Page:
furnish the best source of information upon the juvenile delinquency and dependency of any neighborhood; the attendance
officer, under the suggested change of law, will issue work permits and will find mothers' pensions of great value in supplementing this work.
So we see, at the very least, that mothers' pensions were promoted by
proponents of the children's cause as measures to aid in the enforcement of
the laws and to promote other community goals. To be sure, effective community support does seem to be associated with the eventual introduction
of mothers' pensions. However, one would be misinterpreting the motivations behind Progressive reform if one underestimated the greater priority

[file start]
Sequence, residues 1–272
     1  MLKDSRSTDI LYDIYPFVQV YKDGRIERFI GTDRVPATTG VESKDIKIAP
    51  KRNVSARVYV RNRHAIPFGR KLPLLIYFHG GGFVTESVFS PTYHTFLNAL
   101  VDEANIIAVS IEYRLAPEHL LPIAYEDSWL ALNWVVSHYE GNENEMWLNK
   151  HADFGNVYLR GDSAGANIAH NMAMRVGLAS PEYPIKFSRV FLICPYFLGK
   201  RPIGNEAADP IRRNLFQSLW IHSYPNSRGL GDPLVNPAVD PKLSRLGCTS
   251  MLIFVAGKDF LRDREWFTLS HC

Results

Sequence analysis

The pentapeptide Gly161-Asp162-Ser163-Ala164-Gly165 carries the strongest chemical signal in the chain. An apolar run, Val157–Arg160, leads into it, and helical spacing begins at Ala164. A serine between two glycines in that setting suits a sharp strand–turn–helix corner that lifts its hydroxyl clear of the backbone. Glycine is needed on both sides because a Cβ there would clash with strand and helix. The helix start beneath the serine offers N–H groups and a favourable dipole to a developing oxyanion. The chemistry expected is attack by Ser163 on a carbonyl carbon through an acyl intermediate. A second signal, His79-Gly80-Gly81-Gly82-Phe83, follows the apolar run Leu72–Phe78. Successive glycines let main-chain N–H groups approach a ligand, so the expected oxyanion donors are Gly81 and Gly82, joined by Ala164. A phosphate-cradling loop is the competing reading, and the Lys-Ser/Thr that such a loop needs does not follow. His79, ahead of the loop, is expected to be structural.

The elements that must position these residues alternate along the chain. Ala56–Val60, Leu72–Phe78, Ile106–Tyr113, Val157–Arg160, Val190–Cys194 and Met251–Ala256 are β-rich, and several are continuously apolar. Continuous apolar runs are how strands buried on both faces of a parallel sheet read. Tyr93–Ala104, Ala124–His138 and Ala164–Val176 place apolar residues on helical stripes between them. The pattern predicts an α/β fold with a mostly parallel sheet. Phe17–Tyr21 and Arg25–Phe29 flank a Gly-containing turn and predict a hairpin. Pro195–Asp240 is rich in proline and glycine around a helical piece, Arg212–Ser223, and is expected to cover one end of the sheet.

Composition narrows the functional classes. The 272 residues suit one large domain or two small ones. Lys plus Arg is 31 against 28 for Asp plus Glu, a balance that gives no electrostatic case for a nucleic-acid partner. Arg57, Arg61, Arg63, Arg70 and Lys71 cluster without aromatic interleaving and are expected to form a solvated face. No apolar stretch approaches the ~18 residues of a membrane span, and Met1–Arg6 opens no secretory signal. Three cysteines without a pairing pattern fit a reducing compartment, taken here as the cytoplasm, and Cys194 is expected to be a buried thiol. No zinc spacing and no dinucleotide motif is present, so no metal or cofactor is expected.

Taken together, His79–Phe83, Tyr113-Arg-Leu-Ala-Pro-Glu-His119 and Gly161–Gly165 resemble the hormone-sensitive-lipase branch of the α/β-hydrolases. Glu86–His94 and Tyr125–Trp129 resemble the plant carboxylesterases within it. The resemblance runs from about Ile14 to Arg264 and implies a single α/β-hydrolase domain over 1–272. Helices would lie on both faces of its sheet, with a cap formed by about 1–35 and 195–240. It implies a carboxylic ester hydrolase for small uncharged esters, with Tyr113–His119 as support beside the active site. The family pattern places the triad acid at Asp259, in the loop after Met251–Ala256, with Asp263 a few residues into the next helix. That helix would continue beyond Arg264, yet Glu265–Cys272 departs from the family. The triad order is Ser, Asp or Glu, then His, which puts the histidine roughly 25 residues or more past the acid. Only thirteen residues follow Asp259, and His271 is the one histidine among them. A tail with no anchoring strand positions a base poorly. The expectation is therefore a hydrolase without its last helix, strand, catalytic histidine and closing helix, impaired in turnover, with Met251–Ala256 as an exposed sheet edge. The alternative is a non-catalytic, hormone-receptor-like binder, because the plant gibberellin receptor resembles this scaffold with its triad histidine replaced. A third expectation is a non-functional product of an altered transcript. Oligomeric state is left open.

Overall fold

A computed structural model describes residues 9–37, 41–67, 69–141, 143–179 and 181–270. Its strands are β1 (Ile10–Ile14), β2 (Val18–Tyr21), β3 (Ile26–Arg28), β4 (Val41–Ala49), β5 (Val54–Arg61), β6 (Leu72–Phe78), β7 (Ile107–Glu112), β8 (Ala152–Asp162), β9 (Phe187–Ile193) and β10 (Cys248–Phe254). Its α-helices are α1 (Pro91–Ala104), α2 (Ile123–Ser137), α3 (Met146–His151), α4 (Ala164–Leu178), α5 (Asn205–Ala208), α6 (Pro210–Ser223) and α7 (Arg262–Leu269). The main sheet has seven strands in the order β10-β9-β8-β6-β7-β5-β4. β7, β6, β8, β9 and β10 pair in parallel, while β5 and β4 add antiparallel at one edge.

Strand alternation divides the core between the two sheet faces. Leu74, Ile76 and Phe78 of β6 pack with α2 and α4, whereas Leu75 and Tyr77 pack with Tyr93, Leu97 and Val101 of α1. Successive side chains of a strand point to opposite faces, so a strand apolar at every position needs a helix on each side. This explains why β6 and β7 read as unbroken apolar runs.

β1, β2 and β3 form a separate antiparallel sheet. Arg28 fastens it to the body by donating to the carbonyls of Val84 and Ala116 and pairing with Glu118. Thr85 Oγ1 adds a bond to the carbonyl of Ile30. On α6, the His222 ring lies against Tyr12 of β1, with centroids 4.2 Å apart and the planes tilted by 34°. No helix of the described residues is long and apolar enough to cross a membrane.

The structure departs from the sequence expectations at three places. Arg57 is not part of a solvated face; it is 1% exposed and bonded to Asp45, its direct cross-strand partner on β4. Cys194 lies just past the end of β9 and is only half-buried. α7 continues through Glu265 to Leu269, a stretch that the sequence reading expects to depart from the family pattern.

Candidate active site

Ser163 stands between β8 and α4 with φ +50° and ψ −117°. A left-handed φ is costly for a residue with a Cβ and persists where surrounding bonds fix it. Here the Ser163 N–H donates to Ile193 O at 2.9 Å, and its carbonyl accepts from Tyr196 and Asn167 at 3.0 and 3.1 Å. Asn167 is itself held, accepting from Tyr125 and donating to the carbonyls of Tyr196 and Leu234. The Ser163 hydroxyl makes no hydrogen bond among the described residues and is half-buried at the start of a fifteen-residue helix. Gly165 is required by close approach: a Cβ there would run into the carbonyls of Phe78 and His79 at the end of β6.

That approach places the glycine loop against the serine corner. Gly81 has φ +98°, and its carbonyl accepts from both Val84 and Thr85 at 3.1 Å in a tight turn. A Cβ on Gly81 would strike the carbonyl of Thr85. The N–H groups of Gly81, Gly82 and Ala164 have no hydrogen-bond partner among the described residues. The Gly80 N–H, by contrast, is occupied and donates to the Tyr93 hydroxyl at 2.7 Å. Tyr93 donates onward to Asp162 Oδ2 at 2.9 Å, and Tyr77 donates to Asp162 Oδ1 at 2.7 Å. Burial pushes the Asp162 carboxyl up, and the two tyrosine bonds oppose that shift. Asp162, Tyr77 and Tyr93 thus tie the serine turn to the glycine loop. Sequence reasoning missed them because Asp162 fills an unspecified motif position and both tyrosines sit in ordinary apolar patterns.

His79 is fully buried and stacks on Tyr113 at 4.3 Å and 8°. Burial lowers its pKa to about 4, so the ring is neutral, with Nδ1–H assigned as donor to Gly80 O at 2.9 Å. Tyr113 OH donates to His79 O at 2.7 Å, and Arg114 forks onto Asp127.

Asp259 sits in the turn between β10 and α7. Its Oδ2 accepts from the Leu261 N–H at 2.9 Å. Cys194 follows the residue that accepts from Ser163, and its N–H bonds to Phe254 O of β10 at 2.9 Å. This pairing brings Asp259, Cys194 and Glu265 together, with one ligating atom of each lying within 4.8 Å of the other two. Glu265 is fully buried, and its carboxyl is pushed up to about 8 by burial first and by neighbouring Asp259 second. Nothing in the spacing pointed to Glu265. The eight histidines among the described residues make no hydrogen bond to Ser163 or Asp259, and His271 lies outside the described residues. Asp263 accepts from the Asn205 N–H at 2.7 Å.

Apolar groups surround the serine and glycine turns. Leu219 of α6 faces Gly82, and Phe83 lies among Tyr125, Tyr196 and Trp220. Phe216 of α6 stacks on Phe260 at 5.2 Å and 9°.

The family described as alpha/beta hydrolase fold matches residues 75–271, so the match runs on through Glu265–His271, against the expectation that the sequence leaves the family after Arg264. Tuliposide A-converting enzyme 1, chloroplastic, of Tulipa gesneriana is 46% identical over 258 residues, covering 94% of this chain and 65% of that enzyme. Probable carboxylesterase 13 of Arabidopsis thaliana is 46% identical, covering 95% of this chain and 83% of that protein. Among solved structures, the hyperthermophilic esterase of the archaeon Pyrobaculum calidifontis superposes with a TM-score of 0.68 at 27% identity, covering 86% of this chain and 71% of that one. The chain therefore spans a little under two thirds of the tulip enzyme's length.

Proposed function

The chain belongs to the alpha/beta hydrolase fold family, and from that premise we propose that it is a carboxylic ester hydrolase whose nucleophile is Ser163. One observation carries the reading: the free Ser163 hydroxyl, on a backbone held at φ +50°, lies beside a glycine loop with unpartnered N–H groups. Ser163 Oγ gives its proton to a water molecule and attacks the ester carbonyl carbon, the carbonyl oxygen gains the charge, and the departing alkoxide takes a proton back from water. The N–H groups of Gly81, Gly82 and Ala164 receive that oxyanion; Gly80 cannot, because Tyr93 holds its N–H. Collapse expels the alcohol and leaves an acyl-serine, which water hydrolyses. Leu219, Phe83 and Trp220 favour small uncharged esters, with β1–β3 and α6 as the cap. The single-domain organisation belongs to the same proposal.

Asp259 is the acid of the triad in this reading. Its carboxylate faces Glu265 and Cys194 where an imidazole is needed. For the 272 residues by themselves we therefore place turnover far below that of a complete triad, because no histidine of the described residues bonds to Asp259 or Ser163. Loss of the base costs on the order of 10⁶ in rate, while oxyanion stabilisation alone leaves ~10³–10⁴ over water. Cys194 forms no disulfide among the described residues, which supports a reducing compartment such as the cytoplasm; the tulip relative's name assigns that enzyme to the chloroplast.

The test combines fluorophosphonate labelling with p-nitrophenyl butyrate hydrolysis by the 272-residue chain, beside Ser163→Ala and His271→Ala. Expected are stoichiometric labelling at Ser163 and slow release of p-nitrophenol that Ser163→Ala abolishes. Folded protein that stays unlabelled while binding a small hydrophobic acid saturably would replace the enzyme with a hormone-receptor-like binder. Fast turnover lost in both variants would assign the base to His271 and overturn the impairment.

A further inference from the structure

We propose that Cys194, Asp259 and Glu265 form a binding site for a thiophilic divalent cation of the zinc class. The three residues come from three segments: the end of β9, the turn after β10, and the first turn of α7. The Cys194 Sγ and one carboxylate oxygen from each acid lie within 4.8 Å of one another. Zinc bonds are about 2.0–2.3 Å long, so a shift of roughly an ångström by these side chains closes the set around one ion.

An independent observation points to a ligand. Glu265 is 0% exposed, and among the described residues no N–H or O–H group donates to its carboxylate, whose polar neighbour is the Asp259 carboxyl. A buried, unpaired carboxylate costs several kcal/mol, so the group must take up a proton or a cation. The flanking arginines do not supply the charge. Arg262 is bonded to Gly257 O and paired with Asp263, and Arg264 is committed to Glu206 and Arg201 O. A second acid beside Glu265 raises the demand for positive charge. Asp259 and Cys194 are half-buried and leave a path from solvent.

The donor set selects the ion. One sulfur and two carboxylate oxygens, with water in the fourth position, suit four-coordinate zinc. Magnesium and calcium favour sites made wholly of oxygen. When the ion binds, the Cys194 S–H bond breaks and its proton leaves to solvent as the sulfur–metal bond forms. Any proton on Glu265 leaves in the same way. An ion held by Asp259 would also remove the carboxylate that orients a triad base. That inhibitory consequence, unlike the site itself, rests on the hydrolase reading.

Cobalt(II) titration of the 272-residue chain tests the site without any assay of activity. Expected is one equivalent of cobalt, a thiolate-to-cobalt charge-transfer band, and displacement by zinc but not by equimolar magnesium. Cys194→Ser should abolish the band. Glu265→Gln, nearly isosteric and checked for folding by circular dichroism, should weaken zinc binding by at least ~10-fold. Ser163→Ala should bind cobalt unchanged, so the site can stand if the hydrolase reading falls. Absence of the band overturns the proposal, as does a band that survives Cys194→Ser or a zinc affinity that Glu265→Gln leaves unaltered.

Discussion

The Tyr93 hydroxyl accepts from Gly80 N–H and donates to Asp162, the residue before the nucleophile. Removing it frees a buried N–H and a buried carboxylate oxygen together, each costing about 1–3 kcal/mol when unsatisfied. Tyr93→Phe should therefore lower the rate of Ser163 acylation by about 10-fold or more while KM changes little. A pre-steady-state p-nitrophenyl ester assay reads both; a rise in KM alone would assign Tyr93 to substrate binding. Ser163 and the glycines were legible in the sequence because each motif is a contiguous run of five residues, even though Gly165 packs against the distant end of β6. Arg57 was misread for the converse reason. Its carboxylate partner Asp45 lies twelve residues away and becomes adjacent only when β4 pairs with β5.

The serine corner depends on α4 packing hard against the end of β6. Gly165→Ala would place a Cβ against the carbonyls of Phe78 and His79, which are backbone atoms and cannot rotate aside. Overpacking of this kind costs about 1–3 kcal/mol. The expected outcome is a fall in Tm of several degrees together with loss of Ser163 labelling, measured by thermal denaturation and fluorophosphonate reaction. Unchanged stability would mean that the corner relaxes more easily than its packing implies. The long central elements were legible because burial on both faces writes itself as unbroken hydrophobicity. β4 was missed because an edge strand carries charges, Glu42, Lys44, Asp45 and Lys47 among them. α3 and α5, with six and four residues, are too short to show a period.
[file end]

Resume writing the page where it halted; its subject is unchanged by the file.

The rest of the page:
Progressive reformers placed on raising educational and family standards
as compared to relieving poverty.
Mabel Brown Ellis, "Mothers' Pensions," in
National Child Labor Committee, Child Welfare in Tennessee ( Nashville: Tennesse Industrial School, Printing
Dept., 1920), p. 514.
Calculated from data in
U.S. Children's Bureau, Mothers' Aid, 1931, Bureau
Publication No. 220 ( Washington, DC: Government Printing Office, 1933).
Mary Holiday Mitchell, "Child Labor," in
National Child Labor Committee, Child Welfare in Tennessee ( Nashville: Tennessee Industrial School, Printing
Dept., 1920), p. 375.
Gertrude H. Folks, "Schools," in
National Child Labor Committee, Child
Welfare in Tennessee ( Nashville: Tennesse Industial School, Printing Dept., 1920),
Questia, a part of Gale, Cengage Learning. www.questia.com
Book title: The American Welfare System:Origins, Structure, and Effects.
Contributors: Howard Gensler - Editor.
Place of publication: Westport, CT.
Publication year: 1996.
Page number: 185.
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